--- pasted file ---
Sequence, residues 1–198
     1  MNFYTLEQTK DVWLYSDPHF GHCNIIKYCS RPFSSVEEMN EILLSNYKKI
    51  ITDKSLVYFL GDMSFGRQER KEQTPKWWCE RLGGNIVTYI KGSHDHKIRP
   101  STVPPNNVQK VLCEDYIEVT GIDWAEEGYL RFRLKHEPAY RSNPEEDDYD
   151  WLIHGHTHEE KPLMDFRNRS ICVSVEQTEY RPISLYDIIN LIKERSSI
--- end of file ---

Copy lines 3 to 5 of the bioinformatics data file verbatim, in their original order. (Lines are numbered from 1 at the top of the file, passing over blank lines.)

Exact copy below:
    51  ITDKSLVYFL GDMSFGRQER KEQTPKWWCE RLGGNIVTYI KGSHDHKIRP
   101  STVPPNNVQK VLCEDYIEVT GIDWAEEGYL RFRLKHEPAY RSNPEEDDYD
   151  WLIHGHTHEE KPLMDFRNRS ICVSVEQTEY RPISLYDIIN LIKERSSI